Harrowing PSA Depicts Life With ALS More Effectively Than Any Ice Bucket Challenge

MMB campaign puts a human face on the disease

Only 2% of the 17 million "ice bucket" videos led to donations. The ALS Association
Headshot of Patrick Coffee

Do you remember a viral craze called “the ice bucket challenge?”

It was truly a charity campaign for the social media age. Every celebrity, semi-celebrity and wannabe celebrity participated (including one Mark Zuckerberg). Most brands also found a way to join in the generous fun.

Yet, while the effort won two highly coveted Gold Lions at Cannes in 2015, some may ask, looking back, how much it served to educate the public about the topic at hand: ALS, also known as amyotrophic lateral sclerosis or Lou Gehrig’s Disease, for the Yankees star who first made it famous.

Only 2 percent of the approximately 17 million related videos in the ice bucket series led directly to a donation, according to advocacy group The ALS Association.

That’s why Boston creative agency MMB, which currently counts the ALS Association as a client, took a very different route. Its new campaign looks to humanize the condition by illustrating challenges faced by the estimated 20,000 Americans living with ALS at any given time.

This powerful short—and the two others in the series—were filmed on location in Pennsylvania, Ohio and Connecticut with real-life individuals affected by ALS.

“ALS is a devastating and cruel disease that takes away everything—the ability to walk, to talk, to breathe. By showing people an honest look at the stakes families living with the disease face every day, we hope to encourage them to join our fight for better treatments and a cure,” said Calaneet Balas, president and CEO of The ALS Association.

Each of the three shorts has a unique theme. The first, “Little Things,” concerns a woman’s efforts to retain her femininity despite the disease’s influence. The second, “A Few Words,” introduces viewers to a couple working to maintain their relationship as ALS affects his ability to show affection.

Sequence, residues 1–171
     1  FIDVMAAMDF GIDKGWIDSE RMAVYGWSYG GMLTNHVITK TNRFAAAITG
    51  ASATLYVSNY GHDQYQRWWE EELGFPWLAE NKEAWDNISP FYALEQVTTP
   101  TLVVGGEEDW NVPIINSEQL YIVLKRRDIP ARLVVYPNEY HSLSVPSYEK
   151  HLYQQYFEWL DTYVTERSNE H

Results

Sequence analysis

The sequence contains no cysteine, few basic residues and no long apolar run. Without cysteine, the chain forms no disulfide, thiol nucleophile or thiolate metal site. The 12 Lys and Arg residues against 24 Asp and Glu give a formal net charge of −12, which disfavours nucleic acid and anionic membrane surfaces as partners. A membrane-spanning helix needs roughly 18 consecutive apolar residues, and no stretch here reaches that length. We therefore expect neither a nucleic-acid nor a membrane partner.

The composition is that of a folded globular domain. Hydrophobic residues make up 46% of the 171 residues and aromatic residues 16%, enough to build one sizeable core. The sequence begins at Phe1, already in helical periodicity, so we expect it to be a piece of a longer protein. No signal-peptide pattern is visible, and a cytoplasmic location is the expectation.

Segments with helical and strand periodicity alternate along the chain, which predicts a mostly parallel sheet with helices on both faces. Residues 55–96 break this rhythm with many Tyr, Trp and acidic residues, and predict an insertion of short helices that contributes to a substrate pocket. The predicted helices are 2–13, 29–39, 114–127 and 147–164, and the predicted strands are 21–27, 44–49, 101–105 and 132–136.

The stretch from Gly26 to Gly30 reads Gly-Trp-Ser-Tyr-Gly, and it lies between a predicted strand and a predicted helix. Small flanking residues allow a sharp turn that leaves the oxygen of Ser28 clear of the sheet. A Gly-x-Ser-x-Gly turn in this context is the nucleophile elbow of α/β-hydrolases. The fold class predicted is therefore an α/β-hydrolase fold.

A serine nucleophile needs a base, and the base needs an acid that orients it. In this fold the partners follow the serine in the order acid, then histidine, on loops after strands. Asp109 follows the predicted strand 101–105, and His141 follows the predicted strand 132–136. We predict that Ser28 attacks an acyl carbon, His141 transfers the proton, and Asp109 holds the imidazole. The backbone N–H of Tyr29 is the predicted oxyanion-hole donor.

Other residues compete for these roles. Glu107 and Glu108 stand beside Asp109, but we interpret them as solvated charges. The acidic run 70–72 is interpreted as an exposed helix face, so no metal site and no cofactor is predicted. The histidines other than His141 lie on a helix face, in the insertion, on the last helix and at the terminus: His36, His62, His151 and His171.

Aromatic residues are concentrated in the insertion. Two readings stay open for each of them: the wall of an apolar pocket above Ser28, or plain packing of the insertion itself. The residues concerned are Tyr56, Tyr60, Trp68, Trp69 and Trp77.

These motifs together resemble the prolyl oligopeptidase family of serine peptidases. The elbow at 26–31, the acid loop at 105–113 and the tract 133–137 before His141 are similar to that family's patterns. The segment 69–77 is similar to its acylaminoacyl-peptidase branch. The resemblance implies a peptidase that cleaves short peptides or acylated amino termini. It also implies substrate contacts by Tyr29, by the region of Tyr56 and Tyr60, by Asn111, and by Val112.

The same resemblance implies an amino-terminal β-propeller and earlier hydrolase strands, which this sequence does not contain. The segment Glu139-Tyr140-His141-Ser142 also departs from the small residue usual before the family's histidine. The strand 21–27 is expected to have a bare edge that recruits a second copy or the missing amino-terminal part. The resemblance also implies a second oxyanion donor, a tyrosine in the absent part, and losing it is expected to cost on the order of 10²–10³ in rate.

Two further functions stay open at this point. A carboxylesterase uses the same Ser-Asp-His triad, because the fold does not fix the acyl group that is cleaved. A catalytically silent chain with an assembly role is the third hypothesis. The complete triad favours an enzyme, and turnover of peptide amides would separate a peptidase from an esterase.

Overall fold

The last and possibly most affecting illustrates, in heartbreaking detail, how the condition can interfere with that most basic of relationships between parent and child.

It is, as the campaign’s own press release indicates, “difficult to watch, and intentionally so.”

“This project was incredibly important to us. ALS is such a mean-spirited disease, and we haven’t  seen that reality conveyed often enough,” said MMB ecd Travis Robertson. “Aside from the obvious physical implications, there are emotional implications to ALS that trickle down through the entire family circle. These spots seek to capture that in a way that is both cinematic and brutally self-aware.”

The ads will run throughout May, which is ALS Awareness Month.

CREDITS

Agency: MMB
Client: ALS Association
Campaign: “A Harsh Reality”

Executive Creative Director: Travis Robertson, Greg Almeida
Director: Elle Ginter
Production Company: Sanctuary Content
Executive Producer: Preston Lee, Sanctuary Content
Director of Production: Sara Ventetuolo
Executive Producer: Michael Michaud
Art Director: Travis Robertson, Jen Campbell
Copywriter: Greg Almeida, John Geany
Senior Account Director: Jonathan Greeley
Business Affairs: Kim Noke
Editor: Kenji Yamauchi, Charlie Johnston | Lost Planet Editorial, Inc.
Sound Design/Mix: Mike Secher |The Soundtrack Group, Boston
Color: Sophie Borup |Company 3

Music: “Little Things”:
“Ode” Written and Performed by Nils Frahm Published by Manners McDade
Courtesy of Erased Tapes Records Ltd.
Music: “Few Words”
“Choice” Written and performed by Gustavo Santaolalla
By arrangement with Sony Interactive Entertainment, America
Music: “Good Night”
Credit: Human Music Worldwide
“Few Words” Book:
Goodnight Moon written by Margaret Wise Brown
Goodnight Moon Copyright (c) 1947 and Renewal Copyright (c) 1975
Used with permission Courtesy of Harper Collins Publishers


@PatrickCoffee patrick.coffee@adweek.com Patrick Coffee is a senior editor for Adweek.
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